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Weybourne Mill, built in 1850
Original Photo © David Dixon | Licence
Along the North Norfolk Heritage Coast
The North Norfolk Heritage Coast is an Area of Outstanding Natural Beauty with a unique and varied coastline. The famous award-winning Blue Flag sandy beaches are unspoilt and very family-friendly, and the whole area is a haven for walking, birds and wildlife. With breath-taking countryside and landscapes the North Norfolk Heritage Coast is the perfect place for family holidays and more peaceful leisure breaks as there is something for everyone to enjoy.
Wells-next-the-sea is an ideal base for exploring this beautiful area. From here, a narrow gauge steam railway runs the 5 miles to Little Walsingham, a small village that has long been a centre of pilgrimage to the religious shrines in honour of the Virgin Mary as well as the ruins of two medieval monasteries. In 1061, according to the Walsingham legend, a Saxon noblewoman, Richeldis de Faverches, had a vision of the Virgin Mary in which she was instructed to build a replica of the house of the Holy Family in Nazareth in honour of the Annunciation.
The North Norfolk Coastal Path stretches from Hunstanton to Hopton-on-Sea near Caister and Great Yarmouth, and passes through much of North Norfolk's Area of Outstanding Natural Beauty with charming seaside towns and local villages. Of the many places of interest holiday travellers and walkers should take some time to explore Brancaster which has a popular sandy beach and is used for a range of different activities, Brancaster Staithe which was once a busy port with a malthouse that was said to be the largest in England, Burnham Deepdale and Burnham Overy Staithe, Wells-next-the-Sea, Morston Quay and Blakeney Point which is a rare habitat for valuable for unusual plants, insects and birds, Blakeney, Cley-next-the-sea, Weybourne, Sheringham, Beeston Regis, West Runton, Cromer, Overstrand, Trimingham, Mundesley, Happisburgh and Sea Palling.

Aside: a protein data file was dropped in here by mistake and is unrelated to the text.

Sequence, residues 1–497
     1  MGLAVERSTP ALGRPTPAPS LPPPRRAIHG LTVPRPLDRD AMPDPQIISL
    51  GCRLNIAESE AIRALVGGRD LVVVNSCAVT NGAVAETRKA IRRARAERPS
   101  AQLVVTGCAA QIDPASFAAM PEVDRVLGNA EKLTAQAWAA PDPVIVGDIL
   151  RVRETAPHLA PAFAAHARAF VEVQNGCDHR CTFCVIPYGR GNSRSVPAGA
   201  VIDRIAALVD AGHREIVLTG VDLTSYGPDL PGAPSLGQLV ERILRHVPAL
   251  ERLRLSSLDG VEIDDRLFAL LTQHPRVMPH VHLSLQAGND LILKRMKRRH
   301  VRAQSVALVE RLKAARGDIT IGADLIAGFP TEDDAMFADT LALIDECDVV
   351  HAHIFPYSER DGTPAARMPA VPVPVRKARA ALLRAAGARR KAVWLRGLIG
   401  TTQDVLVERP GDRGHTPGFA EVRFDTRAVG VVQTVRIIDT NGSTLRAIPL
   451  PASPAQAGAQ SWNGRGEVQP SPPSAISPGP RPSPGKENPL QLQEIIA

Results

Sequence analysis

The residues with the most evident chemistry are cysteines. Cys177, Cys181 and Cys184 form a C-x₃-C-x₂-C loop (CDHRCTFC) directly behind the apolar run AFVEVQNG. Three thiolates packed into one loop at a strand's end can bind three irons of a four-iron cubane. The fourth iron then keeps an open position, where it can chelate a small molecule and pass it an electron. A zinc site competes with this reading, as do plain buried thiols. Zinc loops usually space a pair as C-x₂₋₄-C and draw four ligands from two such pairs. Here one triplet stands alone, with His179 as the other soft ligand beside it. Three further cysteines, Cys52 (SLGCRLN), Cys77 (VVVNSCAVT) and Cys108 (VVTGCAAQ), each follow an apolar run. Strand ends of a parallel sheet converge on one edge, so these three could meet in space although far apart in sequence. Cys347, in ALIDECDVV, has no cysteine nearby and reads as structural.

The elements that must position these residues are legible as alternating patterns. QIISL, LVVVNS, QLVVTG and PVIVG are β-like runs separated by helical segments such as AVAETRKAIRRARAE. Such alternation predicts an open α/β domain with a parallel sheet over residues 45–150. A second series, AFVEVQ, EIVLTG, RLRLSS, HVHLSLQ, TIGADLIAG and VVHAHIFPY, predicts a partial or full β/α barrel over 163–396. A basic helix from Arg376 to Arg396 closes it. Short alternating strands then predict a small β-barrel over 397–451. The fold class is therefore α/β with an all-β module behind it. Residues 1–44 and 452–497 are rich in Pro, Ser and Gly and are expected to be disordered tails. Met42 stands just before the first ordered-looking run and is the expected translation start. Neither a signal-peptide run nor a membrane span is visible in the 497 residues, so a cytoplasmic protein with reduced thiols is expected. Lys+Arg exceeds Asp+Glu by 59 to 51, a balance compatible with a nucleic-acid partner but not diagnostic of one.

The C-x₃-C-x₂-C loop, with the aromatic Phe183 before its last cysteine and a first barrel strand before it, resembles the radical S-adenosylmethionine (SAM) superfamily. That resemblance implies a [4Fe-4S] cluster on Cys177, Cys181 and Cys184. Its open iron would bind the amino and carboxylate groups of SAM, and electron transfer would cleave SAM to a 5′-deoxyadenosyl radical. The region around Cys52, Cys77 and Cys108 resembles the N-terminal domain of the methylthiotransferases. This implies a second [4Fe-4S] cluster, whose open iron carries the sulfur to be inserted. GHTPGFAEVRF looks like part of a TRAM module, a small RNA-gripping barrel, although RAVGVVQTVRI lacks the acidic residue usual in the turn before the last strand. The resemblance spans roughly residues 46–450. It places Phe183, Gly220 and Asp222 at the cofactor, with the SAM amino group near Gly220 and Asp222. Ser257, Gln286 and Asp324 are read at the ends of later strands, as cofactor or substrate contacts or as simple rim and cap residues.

Known as the birdwatching capital of Britain, this area is home to many famous nature reserves including the RSPB (Royal Society for the Protection of Birds) Titchwell Nature Reserve, Blakeney National Nature Reserve, Holkham Nature Reserve and the NWT Cley Marshes which is considered to be one of the best bird watching sites in the UK.
Weybourne Windmill is located on the eastern high ground above the village of Weybourne, it is on the northern side of the A149 coastal road that links Kings Lynn to Great Yarmouth. The Windmill was built in 1850 and consists of five storeys built from red brick. The mill had four double shuttered sails. When it was in operation the sails, which are now fixed in an easterly direction, powered three pairs of overdriven millstones, located on the second floor. The windmill ceased production in 1916 and fell into disrepair until it was extended and partially restored in the late 1920s. Weybourne Windmill, which is 3 miles west of Sheringham and within the Norfolk Coast Area of Outstanding Natural Beauty, is a grade II listed building.
North Norfolk Information Centre
Telephone: 01263 512497
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Great Yarmouth Tourist Office, Maritime House, 25 Marine Parade, Great Yarmouth NR30 2EN
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